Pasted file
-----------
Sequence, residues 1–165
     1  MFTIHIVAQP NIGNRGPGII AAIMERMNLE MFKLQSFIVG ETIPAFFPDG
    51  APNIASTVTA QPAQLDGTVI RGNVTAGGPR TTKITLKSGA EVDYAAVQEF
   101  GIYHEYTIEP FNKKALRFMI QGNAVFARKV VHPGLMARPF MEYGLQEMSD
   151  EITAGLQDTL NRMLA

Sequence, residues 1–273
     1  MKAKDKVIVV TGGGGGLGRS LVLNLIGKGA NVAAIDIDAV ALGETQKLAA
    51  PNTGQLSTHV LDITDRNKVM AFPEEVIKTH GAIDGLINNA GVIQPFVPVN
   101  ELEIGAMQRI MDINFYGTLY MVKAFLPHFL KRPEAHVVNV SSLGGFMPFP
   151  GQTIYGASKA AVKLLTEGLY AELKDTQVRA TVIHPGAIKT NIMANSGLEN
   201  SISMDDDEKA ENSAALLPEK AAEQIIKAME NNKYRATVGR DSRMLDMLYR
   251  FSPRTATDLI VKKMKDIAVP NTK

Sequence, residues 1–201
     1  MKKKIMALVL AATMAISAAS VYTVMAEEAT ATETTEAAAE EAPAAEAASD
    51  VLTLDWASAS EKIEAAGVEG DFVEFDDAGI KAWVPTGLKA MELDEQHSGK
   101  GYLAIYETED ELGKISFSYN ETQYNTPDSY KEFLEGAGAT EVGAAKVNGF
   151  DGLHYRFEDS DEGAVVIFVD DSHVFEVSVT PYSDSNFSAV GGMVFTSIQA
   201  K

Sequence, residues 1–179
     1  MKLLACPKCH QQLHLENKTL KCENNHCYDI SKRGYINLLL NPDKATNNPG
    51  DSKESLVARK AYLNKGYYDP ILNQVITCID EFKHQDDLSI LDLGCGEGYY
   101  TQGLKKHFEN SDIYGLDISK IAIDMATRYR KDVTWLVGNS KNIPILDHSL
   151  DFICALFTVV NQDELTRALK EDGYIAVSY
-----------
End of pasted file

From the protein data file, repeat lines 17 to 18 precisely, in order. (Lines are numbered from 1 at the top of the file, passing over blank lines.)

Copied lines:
   151  DGLHYRFEDS DEGAVVIFVD DSHVFEVSVT PYSDSNFSAV GGMVFTSIQA
   201  K